She returned, looking very cold, brushing her hair away from her face. Tex rose, and cut her off before she was within earshot of the others. He felt a certain despair rising for the first time, not sorrow, but a great wave of apathy, like a rocket ride through a pointless universe.

All he could say was; "Can we go somewhere else?"

They got as far as the steps of the café, and had a five- minute shout. Tex had tacked on to her opening line about drunkeness and reminded her of the time she'd spent the whole night asleep on a toilet seat, not exactly a class act...

She threw her hands in the air.

"Oh that's great, just great. Go in and tell it to the lads!", she shouted.

She was angry. She stalked off. He didn't follow. It was over. He'd never find out why. Never. He leaned against the wall for a few dejected seconds.

Now what? What's on the immediate program?

He snapped his fingers.

Of course!

Then he went back inside the Blue Café, sat down next to his good old friends, had another few glasses of the nice, complimentary red wine, and told them laughingly of the time his ex-girlfriend had conked out in a drunken stupor, and spent the whole night on the crapper! A nice big slice of unrestrained spite serving him as the perfect introduction for another day of drunken excess.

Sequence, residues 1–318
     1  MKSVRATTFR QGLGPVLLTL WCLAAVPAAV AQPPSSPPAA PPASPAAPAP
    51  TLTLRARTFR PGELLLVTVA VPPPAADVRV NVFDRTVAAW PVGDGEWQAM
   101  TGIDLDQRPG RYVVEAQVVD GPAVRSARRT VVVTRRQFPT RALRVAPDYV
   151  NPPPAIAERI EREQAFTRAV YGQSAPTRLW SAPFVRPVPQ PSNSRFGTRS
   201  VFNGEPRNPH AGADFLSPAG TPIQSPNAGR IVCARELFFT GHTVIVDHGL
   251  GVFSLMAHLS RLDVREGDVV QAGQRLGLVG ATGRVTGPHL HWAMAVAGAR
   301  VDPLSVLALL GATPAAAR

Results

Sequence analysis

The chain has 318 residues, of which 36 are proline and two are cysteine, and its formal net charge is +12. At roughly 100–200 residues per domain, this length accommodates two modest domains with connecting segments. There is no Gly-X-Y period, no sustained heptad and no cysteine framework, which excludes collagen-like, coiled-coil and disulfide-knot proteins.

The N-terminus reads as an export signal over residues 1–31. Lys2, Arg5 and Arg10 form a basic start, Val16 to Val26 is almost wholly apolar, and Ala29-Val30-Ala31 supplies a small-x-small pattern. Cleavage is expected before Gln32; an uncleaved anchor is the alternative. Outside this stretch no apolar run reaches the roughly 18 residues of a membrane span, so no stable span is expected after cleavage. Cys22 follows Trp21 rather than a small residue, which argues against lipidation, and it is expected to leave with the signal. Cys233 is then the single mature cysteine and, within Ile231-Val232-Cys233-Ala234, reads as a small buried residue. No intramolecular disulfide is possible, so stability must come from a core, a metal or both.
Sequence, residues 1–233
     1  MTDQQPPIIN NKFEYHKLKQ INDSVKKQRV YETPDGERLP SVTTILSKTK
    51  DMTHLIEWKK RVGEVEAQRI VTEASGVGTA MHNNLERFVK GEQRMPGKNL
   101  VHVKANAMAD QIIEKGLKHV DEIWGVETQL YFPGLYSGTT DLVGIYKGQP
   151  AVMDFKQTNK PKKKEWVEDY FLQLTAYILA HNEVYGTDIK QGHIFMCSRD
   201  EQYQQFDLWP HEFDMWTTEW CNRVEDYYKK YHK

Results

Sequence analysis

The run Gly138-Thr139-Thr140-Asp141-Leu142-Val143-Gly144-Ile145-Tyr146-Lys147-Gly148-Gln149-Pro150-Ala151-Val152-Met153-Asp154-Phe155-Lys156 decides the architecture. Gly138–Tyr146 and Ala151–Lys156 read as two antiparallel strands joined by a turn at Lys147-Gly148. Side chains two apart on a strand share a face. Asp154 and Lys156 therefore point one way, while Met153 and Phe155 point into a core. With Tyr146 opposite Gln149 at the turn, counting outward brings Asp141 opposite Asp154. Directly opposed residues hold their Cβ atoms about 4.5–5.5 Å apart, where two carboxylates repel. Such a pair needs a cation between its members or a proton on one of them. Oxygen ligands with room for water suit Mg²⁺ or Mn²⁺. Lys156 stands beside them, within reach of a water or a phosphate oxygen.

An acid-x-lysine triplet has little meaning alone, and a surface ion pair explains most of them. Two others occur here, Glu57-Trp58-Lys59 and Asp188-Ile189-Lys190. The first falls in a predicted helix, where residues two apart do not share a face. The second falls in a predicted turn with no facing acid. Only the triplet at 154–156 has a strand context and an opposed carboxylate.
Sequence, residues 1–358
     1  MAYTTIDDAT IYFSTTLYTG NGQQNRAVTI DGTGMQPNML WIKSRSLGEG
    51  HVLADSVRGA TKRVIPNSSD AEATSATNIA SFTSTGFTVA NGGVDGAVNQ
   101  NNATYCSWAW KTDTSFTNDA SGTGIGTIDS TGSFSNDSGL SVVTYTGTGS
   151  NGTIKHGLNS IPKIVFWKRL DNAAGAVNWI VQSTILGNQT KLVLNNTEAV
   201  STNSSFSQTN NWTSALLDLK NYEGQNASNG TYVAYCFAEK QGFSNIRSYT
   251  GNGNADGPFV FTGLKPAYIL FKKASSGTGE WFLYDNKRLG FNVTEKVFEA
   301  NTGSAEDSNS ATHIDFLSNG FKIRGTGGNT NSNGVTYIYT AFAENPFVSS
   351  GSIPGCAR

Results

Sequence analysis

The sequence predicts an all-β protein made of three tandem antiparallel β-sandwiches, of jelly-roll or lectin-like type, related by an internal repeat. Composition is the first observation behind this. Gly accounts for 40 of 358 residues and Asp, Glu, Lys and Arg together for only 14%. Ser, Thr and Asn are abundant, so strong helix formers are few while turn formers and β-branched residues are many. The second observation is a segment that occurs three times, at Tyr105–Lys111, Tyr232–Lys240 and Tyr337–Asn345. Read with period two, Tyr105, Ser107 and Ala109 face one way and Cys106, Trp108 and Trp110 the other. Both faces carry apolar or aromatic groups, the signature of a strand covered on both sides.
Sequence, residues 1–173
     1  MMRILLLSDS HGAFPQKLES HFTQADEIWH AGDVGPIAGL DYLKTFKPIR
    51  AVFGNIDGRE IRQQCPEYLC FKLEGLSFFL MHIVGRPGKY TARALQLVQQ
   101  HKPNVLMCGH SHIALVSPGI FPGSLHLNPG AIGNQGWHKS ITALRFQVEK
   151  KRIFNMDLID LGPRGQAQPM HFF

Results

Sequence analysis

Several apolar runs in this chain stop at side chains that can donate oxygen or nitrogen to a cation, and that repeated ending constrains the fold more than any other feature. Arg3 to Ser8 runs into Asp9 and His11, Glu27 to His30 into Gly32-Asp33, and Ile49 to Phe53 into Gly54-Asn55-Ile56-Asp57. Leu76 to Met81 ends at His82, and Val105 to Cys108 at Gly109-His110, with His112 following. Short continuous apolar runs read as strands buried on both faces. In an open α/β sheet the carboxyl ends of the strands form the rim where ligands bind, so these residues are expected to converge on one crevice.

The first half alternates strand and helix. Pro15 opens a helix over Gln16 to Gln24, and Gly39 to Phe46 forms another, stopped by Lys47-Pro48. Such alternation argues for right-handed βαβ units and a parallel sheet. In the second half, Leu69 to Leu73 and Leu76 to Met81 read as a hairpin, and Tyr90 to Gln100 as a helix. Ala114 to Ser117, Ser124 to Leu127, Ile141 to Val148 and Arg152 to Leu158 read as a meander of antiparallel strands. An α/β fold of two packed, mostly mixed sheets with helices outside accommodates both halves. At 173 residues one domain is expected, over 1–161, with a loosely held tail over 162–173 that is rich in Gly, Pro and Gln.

Maybe the trick is simply not letting it get to you. But the mind notices the ugly details in a way we wish it wouldn't. Like suddenly tasting something disgusting in a mixed soup. We wish we could simplify my focus instead of taking it all in this way. It's a hard slog; Tex was tired. And doing nothing.

The mystic Merton searched for God in the garden. That would be something, but who can sustain any interest in flowersY You musn't seperate yourself from your fellow man; but they wear such heavy armour. "Boilerplate" is a much used term. But we are really all soft and in our houses. Like snails.

A bubble of nicotine and alcohol popped and spread through his upper torso, and Tex coughed and felt a wave of numb pain at his temples.

Hey, Who Straightened The Tower of Pisa?

I took a picture of the Tower of Pisa! Hmm...

Thursday, June 4, 2009

Wednesday, June 3, 2009

Moni Taxiarhou Mihail Panorimiti (Monastery of the Archangel Michael of Panorimitis), Symi

The famous large icon of the Archangel Michael, which appeared miraculously at the site of the monastery. St. Michael is the patron saint of the island of Symi, and of sailors. There are many offerings hanging from the walls, or placed at the foot of the icon. At a nearby table sits a monk, who hands out vials of oil and icon cards.

Approaching from the Sea. This monastery, which may date from the 5th century, has it's own ferry connection.

The tower. In it's present form, the monastery dates from the 18th century. According to inscriptions, the last additions were added in 1783.

Part of the tower photographed from inside the monastery grounds.

Mosaic and icons of the Archangel.

The cross.

Tower balcony.